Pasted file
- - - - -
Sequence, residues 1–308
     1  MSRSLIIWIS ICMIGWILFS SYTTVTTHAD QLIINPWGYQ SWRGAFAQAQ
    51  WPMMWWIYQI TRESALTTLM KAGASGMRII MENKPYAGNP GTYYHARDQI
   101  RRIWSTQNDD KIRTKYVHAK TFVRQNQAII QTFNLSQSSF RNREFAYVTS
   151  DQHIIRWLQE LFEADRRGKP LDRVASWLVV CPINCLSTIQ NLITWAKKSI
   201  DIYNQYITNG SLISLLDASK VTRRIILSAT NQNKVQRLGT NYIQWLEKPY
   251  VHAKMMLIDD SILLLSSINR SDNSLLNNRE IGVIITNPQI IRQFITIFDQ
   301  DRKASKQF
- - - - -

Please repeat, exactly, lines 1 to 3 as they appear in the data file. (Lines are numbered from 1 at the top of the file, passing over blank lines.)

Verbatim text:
Sequence, residues 1–308
     1  MSRSLIIWIS ICMIGWILFS SYTTVTTHAD QLIINPWGYQ SWRGAFAQAQ
    51  WPMMWWIYQI TRESALTTLM KAGASGMRII MENKPYAGNP GTYYHARDQI